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Contents

Contents
Introduction
A short history of Provence
Provençal writers and artists
Plants and flowers
Wildlife
Regional specialities
Markets
Travelling to Provence
When to go
Accommodation
Clothing and equipment
Using this guide
Drôme Provençale
Location of Walks
Walk 1 Nyons Olive Walk
Walk 2 Ferme de la Lance
Walk 3 The Cougoir
Walk 4 Serre de Crema
Walk 5 Rocher de Bramard
Walk 6 Gorges de Léoux
Walk 7 Grande Javonière
Walk 8 Château d’Ubrieux
Walk 9 Around the Rocher de St-Julien
Walk 10 Gorges de Toulourenc
Walk 11 Lavender Walk from Aulan
Vaucluse
Location of Walks
Walk 12 Vaison-la-Romaine to Crestet
Walk 13 The Gambade from Gigondas
Walk 14 Dentelles de Montmirail
Walk 15 Le Barroux to La Roque-Alric
Walk 16 Gorges du Curnier
Walk 17 Gorges de la Nesque
Walk 18 Fontaine-de-Vaucluse and the Wall of the Plague
Walk 19 Abbaye de Sénanque
Walk 20 Colorado Provençal
Walk 21 Fort de Buoux
Walk 22 Mourre Nègre
Var
Location of Walks
Walk 23 Montagne Ste-Victoire
Walk 24 Marcel Pagnol Country
Walk 25 Mont Olympe
Walk 26 Montagne de la Ste-Baume
Walk 27 Ste-Croix from Nans-les-Pins
Walk 28 Old village and castle of Rougiers
Walk 29 Mourre d’Agnis
Walk 30 Circuit de Latay
 
 
Appendix A Route summary table
Appendix B Maps
Appendix C Tourist information
Appendix D Market days
Appendix E Glossary of Provençal words

Sample Route

WALK 14
Dentelles de Montmirail
Start/FinishThe Col du Cayron above Gigondas, 370m
Distance10.8km; shorter route: 8.0km
Total Ascent500m; shorter route: 370m
GradeMedium
Time4hrs 45mins; shorter route: 3hrs 30mins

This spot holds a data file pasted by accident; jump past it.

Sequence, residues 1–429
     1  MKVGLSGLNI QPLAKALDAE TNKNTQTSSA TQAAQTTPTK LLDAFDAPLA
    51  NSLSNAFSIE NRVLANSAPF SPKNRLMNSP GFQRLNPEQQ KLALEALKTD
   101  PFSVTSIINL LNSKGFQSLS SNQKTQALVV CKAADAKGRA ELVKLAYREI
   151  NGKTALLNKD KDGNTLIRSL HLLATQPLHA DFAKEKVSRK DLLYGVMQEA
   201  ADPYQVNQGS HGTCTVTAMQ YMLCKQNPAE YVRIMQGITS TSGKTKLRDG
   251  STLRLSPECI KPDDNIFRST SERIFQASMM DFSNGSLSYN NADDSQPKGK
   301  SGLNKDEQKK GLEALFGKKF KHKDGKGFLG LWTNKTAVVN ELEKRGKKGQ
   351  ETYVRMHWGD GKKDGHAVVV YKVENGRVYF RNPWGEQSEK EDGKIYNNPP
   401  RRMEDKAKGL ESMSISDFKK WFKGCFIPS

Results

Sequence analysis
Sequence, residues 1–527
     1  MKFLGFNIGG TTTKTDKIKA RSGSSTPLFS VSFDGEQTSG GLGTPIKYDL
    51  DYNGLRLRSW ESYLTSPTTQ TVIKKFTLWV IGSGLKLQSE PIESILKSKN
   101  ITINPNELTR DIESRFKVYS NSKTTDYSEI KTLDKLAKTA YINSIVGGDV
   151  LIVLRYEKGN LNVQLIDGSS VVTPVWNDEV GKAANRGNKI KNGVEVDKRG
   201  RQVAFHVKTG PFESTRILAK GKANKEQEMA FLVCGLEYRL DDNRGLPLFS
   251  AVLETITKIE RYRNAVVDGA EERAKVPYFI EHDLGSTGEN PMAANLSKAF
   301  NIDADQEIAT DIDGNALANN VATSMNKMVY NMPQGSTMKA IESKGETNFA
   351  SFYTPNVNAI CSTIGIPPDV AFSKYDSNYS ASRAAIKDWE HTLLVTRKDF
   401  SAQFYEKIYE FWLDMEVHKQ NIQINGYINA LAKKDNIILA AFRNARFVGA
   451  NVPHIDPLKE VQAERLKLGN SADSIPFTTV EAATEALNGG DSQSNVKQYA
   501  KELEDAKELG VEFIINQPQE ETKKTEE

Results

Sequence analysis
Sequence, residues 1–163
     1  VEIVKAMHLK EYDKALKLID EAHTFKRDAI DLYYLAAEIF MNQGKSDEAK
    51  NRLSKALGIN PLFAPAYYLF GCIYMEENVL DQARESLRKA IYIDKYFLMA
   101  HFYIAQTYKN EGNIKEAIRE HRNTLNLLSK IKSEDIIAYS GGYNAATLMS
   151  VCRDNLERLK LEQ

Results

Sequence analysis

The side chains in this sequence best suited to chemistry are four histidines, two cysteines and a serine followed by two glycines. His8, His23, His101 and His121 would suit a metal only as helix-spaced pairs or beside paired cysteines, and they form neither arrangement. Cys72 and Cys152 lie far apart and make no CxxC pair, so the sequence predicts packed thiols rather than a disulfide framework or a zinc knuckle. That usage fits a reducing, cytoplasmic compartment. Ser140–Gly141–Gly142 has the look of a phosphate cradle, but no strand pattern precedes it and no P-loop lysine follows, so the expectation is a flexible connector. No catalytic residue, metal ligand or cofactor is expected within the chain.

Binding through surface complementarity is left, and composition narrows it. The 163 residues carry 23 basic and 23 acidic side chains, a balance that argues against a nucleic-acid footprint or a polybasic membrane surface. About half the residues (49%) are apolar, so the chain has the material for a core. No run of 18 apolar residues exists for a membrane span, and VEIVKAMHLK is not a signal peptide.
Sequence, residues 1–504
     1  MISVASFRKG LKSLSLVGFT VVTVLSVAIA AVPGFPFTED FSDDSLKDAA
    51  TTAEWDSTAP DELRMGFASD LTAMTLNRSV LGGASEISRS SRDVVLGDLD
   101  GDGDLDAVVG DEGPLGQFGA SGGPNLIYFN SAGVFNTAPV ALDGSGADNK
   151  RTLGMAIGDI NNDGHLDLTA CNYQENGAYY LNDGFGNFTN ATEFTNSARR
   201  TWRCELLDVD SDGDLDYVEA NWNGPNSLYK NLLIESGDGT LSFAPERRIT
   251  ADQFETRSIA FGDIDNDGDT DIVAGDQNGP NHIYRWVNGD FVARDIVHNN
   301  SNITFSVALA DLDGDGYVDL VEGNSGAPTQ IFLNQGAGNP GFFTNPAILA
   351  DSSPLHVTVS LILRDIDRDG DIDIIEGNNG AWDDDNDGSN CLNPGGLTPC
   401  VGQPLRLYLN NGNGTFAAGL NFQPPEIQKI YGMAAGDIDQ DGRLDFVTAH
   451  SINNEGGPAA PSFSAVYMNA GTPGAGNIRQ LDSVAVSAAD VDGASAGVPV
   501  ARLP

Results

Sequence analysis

MapIGN 3040 ET Carpentras 1:25,000
AccessFrom Vaison-la-Romaine, take the D977 signposted Avignon and after 9km turn left on the D7 towards Gigondas, passing the village of Sablet. Turn left again on the D79 signposted Gigondas 1km/Dentelles de Montmirail/Hotel Les Florets. At a crossroads turn left (Gigondas is straight on) and then again almost immediately following the signs to Dentelles de Montmirail/Hotel Les Florets. Continue up this road for 2km past the Hotel Florets and then on a rougher road to the Col du Cayron, 396m, an open space with a car park. There are two information boards.
SignpostingGood except when you really need one! Blue and then yellow splashes

This is a truly delightful walk with splendid views of these curious peaks. The Dentelles de Montmirail are a dramatic row of white limestone peaks which stick out like a lacy border over the surrounding Vaucluse plain and are the foothills of the nearby Mont Ventoux. They were caused by the folding of the earth’s crust which forced the limestone upwards. Centuries of wind and erosion have shaped them into needle-like peaks and ridges. They are a lovely sight at any time of the year but more so in May and June when the lower slopes are covered with yellow-flowering broom.

The Dentelles have attracted many artists and walkers – the area is very popular and can be crowded in high season.